LITTLE ROCK, Oct. 31 -- In a campaign stop befitting a rock star, with strobe lights and music and screaming, the Comeback Kid came home today with one message: Make Arkansas a Comeback State to the roster of blue Democrat states.
"We've got two days here, and we can win here," said former president Bill Clinton, who has been campaigning for Democratic presidential candidate John F. Kerry since last Monday. "It's not too late; we can move this thing," the former governor told a crowd of about 6,200 people gathered in the city's convention center for a get-out-the-vote rally.
Former president Bill Clinton has been campaigning for Democratic presidential candidate John F. Kerry since last Monday.
(Jake Schoellkopf -- AP)
Clinton, who is noticeably thinner almost two months into his recuperation from quadruple heart bypass surgery, urged the throng to vote. He implored them to persuade those who "are reluctant to change leaders while we're involved in this mess in Iraq" to cast a ballot for Kerry.
"He'll increase the size of the Army . . . double the size of the special forces . . . contain weapons of mass destruction . . . and make smarter, better investments in homeland security," Clinton said.
Advisers to President Bush, who won Arkansas's six electoral votes four years ago, have assumed the state is still in the red Republican ranks. But recent polls here have shown the presidential race tightening or in a dead heat, and a local Kerry spokesman said Sunday that "the campaign of John Kerry is poised for victory in Arkansas."
With 13 field offices, 40 paid staff members and "thousands and thousands" of volunteers working to get out the Kerry vote in the last 48 hours of the campaign, John Emekli said all the campaign needed was an appearance by Clinton. "He's still the most galvanizing force we know in Arkansas," he said.
Indeed, Clinton's appearance drew not only the party faithful -- many of them wearing buttons for Kerry or Democratic congressional candidates -- but also Arkansans who still love the former president despite the personal foibles that sidelined him during the 2000 presidential campaign when Al Gore asked his former running mate to stay off the campaign trail.
"He's my ex-governor and he's my ex-president and I love to hear him speak," said Barbara Casey of Little Rock, who brought her 12-year-old son and stood in line for an hour to get into the rally. "He's inspirational and he's a great motivational speaker."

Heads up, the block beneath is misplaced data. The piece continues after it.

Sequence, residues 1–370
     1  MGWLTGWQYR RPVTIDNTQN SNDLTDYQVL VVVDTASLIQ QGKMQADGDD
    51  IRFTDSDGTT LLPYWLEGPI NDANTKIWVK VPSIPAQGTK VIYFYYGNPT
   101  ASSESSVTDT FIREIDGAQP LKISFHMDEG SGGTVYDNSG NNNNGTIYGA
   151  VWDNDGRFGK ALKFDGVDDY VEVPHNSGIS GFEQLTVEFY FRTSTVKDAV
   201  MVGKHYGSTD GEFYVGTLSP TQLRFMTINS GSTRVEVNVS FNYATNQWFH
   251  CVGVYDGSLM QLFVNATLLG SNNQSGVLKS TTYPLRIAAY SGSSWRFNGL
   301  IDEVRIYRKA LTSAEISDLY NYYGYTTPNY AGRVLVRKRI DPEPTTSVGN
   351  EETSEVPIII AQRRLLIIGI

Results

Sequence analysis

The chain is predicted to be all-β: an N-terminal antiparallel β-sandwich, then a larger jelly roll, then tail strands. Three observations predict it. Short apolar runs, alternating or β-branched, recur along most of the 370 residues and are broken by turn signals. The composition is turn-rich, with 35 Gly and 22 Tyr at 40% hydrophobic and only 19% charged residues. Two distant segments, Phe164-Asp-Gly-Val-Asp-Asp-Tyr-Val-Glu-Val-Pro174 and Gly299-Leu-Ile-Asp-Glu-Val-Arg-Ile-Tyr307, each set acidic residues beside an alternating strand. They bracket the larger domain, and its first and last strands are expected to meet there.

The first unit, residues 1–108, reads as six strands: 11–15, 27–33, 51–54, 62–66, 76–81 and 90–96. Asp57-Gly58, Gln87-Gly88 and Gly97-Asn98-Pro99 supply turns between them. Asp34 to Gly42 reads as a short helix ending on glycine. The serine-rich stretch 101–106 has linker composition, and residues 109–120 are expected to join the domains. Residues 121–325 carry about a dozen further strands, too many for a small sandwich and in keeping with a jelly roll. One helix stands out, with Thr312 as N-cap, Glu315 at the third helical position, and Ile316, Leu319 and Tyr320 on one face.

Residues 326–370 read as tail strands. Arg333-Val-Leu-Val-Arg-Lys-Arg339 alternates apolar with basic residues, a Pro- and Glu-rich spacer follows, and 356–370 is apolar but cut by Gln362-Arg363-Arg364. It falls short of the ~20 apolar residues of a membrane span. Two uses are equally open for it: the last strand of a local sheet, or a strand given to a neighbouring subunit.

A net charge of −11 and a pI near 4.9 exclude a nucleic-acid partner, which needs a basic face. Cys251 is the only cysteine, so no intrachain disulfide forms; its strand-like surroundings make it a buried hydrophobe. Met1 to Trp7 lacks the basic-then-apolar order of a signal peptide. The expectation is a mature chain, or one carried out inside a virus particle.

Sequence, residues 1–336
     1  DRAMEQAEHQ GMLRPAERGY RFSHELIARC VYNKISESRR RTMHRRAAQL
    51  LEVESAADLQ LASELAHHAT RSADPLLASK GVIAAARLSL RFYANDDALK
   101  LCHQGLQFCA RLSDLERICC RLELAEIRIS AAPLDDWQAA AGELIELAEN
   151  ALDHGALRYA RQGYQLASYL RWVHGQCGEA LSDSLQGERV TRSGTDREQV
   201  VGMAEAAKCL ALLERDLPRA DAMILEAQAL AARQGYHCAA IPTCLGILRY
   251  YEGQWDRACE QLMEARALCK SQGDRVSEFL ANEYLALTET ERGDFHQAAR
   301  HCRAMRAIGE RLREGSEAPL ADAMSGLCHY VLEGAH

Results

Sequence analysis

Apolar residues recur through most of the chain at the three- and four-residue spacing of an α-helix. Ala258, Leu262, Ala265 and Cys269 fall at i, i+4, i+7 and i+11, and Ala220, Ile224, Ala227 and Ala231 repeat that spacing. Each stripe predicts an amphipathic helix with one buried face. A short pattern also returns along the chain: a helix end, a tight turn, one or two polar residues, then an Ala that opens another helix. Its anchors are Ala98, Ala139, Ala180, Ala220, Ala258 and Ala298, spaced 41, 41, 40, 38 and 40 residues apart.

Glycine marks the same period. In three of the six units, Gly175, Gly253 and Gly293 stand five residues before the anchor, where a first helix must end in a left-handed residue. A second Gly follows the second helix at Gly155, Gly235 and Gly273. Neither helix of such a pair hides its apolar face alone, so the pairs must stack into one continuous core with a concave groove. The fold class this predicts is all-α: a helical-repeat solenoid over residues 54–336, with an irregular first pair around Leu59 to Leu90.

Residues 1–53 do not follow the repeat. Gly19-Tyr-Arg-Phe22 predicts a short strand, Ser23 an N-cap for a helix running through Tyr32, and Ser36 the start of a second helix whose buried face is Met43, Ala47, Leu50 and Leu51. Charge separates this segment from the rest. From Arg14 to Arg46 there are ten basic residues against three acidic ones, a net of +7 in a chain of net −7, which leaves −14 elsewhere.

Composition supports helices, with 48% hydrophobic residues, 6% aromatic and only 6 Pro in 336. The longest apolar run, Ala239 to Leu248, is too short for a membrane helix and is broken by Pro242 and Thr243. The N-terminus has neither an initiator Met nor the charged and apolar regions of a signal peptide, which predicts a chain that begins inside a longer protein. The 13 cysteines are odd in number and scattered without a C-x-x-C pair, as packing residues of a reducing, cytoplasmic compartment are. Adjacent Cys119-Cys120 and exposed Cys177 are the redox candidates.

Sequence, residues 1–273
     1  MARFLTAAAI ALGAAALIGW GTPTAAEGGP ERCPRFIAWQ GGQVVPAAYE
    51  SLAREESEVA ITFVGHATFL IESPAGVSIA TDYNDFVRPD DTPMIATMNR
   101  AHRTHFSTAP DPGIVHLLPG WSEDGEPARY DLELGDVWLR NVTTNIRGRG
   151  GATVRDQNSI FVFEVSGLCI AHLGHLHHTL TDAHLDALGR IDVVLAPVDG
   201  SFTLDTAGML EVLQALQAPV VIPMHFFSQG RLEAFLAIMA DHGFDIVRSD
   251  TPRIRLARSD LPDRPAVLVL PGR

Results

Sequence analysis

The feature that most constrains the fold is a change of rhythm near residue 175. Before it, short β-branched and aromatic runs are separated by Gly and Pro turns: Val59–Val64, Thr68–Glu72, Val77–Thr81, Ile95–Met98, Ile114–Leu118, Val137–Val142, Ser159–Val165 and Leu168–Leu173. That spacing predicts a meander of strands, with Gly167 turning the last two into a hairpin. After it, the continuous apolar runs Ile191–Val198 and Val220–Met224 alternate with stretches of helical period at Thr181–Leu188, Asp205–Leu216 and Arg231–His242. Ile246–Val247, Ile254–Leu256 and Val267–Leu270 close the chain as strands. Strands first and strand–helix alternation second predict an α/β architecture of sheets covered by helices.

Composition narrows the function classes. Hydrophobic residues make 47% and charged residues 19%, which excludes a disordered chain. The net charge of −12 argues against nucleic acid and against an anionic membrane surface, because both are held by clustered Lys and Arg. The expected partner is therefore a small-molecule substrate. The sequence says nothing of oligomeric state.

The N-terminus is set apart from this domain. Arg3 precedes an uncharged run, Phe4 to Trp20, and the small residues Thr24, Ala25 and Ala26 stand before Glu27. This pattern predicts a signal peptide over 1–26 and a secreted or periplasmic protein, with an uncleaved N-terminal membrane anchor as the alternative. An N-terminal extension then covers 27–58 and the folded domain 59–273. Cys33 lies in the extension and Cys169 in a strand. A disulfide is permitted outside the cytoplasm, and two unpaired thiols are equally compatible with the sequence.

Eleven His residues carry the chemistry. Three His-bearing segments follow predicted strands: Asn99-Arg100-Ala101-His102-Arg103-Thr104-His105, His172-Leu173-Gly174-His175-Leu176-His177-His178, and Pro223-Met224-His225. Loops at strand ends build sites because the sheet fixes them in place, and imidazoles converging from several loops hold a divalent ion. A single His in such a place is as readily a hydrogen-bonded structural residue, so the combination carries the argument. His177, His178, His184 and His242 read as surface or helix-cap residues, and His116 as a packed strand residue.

As for his personal scandals, Casey said: "I don't care what he's done. He's a people person and he loves people. He's a good person and he's intelligent and he hasn't done anything anybody else hasn't done. He was just surrounded by people who hated him."
A New York resident since 2001, Clinton ended a week of campaigning for Kerry in his home state, where he ridiculed Bush -- "I was laughing my head off during the debates," Clinton said -- and chided Republican Gov. Mike Huckabee for calling him "absentee for a dozen years" from Arkansas.
"Eight of those years I was in the White House," Clinton said.
This year, he added, the state lost 3,000 jobs under Bush while during his two terms as president, Arkansas gained 113,000 jobs. "You were better off without me in the state," he said as the crowd laughed and cheered.
Clinton invoked Huckabee's name a second time, saying that despite the governor's criticism of him, "as a private citizen I created more jobs in Arkansas than President Bush did." Clinton was referring to the workers employed in building his presidential library, which will open here next month.
Huckabee had disparaged Clinton's campaign effort even before the ex-governor made it. Clinton is "a great campaigner," Huckabee said on "Fox News Sunday." "But selling John Kerry in a conservative state like Arkansas is tougher than selling Red Sox souvenirs in Manhattan."
Huckabee added that if the difference in the percentage of popular support for Bush and Kerry widens after Clinton's visit, "then it may show that Bill Clinton not only didn't help, but he may have actually increased George Bush's spread."
Clinton warned the crowd that Republicans were trying to use socially divisive issues such as guns and same-sex marriage to scare voters and turn them against Kerry.
"I'm going to talk about something no other Democrat can talk about but, heck, I'm not running for anything," Clinton said. "Let's be frank about it. Out in the country, they are wearing us out with guns and gay marriage."
He said Republicans and the National Rifle Association are trying to mislead the public about Kerry's positions on these issues. He said Kerry supports prohibiting sales of "cop killer" bullets to the public and favors the Brady Law, which requires background checks and a waiting period for handgun purchases. But he also described Kerry as an outdoorsman and hunter who supported the assault-weapons ban, which expired earlier this year "and protected over 600 weapons that can be used for hunting," Clinton said.
"It is a bull issue; it is a total false issue," he said.
As for same-sex marriage, Clinton said Kerry believes that gays should participate in civil unions and that the definition of marriage should be left to individual states.
"This election is not about guns and gay marriage," Clinton said. "It's about the economy, health care and the future of our children."